New emergency clinic nearing completion on west side

HARLINGEN — The largest free-standing emergency room in South Texas on the hottest real estate corner in the Rio Grande Valley should open for patients next month.

Parent company Exceptional Healthcare’s medical center called the Exceptional Emergency Center at Stuart Place Road and I-2/U.S. Expressway 83 is nearly complete, awaiting a final state inspection on Oct. 24 with hopes of opening Nov. 1.

The owners who invested $7 million to $8 million in rehabilitating the old AT&T call center at 6902 W. Expressway 83 have scheduled a ribbon-cutting for Nov. 9 and an open house for Nov. 18.

The west Harlingen location is one of several planned Exceptional Healthcare emergency clinics up and down the Valley. Another of its clinics is being constructed in Brownsville along Alton Gloor Boulevard and is expected to begin seeing patients in February.

Dr. Kazim Hussain, chief of emergency medicine at Valley Baptist Medical Center in Brownsville, is general manager and a co-owner of Exceptional Emergency Care.

“Quality-wise it’s very different than a regular hospital,” he said.

Hussain said most patients who will use the emergency medical center in Harlingen will have health insurance, and many are merely seeking to speed up the wait time to see a doctor and be treated.

Others, he said, will come for a more personal approach for patients that is something larger medical treatment facilities often are unable to provide.

“Since it is going to be select, with very few people coming in here, they will be pampered like VIP treatment, they will be literally getting the VIP treatment,” he added. “I have one-to-one nurses and doctors there, and if I have two or three patients, I will be sitting with them and chatting with them, you will get the best of the care — more personalized.”

Or, as Exceptional Healthcare marketing director Syed Ali put it, “it will be red-carpet treatment, and anybody can stand on the red carpet.”

Hussain said even though he works for Valley Baptist, the emergency treatment centers are not competitive with the core role of larger hospitals.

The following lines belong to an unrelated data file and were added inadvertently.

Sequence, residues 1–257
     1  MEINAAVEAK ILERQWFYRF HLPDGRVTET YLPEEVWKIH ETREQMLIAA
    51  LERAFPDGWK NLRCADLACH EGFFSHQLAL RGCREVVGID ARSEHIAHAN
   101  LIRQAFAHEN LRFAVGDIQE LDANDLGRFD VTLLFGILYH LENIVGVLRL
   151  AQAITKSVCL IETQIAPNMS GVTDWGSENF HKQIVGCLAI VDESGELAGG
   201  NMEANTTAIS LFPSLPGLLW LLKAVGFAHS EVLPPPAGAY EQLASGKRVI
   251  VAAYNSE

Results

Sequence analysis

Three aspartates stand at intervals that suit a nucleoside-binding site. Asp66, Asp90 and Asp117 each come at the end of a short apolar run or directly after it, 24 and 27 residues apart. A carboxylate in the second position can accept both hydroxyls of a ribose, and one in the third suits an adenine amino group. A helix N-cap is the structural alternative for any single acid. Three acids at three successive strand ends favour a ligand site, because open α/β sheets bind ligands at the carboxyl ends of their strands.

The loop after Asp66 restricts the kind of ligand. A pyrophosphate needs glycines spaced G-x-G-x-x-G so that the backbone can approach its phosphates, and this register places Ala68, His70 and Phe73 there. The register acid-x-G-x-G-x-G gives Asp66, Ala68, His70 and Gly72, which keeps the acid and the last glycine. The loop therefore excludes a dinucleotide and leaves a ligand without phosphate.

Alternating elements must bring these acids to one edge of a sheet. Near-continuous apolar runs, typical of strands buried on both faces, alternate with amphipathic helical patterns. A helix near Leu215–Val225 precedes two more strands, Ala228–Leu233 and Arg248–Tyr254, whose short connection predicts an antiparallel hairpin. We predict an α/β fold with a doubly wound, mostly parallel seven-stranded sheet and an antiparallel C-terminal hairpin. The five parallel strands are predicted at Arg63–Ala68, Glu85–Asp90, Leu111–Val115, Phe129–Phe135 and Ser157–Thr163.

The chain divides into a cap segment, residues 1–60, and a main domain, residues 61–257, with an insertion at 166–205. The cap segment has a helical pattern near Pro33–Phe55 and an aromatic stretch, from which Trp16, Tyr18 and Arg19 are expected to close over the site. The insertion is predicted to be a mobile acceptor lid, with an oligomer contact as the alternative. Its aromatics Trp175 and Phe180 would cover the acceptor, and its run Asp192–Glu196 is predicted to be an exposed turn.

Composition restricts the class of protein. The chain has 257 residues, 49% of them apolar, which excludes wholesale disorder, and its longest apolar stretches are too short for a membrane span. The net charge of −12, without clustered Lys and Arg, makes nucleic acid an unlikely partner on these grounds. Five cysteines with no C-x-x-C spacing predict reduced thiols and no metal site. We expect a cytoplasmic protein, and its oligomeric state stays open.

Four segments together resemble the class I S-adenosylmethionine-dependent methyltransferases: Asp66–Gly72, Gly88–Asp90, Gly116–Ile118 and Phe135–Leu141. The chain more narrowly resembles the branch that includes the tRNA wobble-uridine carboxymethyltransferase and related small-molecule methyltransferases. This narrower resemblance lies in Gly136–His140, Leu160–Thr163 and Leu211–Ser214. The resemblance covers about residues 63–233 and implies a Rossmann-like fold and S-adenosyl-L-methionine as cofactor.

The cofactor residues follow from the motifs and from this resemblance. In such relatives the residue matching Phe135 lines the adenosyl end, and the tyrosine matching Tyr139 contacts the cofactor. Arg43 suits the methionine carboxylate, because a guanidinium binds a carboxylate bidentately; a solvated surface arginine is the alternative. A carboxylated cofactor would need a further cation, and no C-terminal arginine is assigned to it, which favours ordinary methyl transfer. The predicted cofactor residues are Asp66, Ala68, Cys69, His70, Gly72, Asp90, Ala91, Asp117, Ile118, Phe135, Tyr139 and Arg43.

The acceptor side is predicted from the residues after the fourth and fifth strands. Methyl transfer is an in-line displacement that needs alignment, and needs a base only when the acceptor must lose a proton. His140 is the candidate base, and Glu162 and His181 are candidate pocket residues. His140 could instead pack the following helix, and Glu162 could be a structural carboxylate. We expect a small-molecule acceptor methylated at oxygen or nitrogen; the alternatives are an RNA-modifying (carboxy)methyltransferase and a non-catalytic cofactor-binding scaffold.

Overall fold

“I have been here since ‘99, and I’m the chairman of the Valley Baptist Emergency Department, so we have an understanding with Valley Baptist,” Hussain said.

Hussain said the tight-knit families of the Rio Grande Valley resemble his native Pakistan.

“When I went to work in the ER I would see the people, the relatives coming in, their brother or sister or parents and that was very impressive for me,” he said. “All the family gets involved and they take care of them. It kind of came back to me like my home.”

At the Harlingen facility, Hussain said doctors would treat everything except major trauma cases. While the emergency center will not be receiving any ambulances, he said they may dispatch them to larger hospitals if doctors determine a patient needs treatment beyond the capabilities of the emergency center.

He said the center will perform minor surgeries, EKGs, CAT scans and ultrasounds. He said doctors also will be able to prescribe any medications a patient requires.

The Harlingen facility will be open 24 hours a day, seven days a week, and employ between 30 and 40 full- and part-time staff.

The addition of the emergency medical care center at the intersection of Stuart Place Road and I-2/Expressway 83 is just the latest big investment in the area.

Across the street, a $6.8 million commercial plaza shell at Stuart Place Crossing is being constructed, as is a new Texas Regional Bank headquarters. Cheddar’s Scratch Kitchen restaurant recently opened there, too.

For Hussain, the bottom line for his new emergency center will be a personalized experience few patients have experienced.

“The people will be called the next day, ‘Hey, how’s it going? Is everything OK? Do you need anything, any help?’” Hussain said.

“This is not traditionally done,” he added. “I tell you, nobody does it.

“But I’m going to do it,” Hussain said.

Facts on urgent care

The fastest-growing medical treatment area in the U.S., estimated at $15 billion annually.

Clinics are designed to treat non-life-threatening ailments.

Once dismissed as “Doc in a Box,” urgent care capitalizes on shifting needs and preferences in obtaining health care. High health insurance deductibles can mean urgent care treatment is often more affordable.

Urgent care users cite convenience, with doctors staffing clinics on weekends and nights. Wait times are typically a half-hour or less.

Source: American Academy of Urgent Care Medicine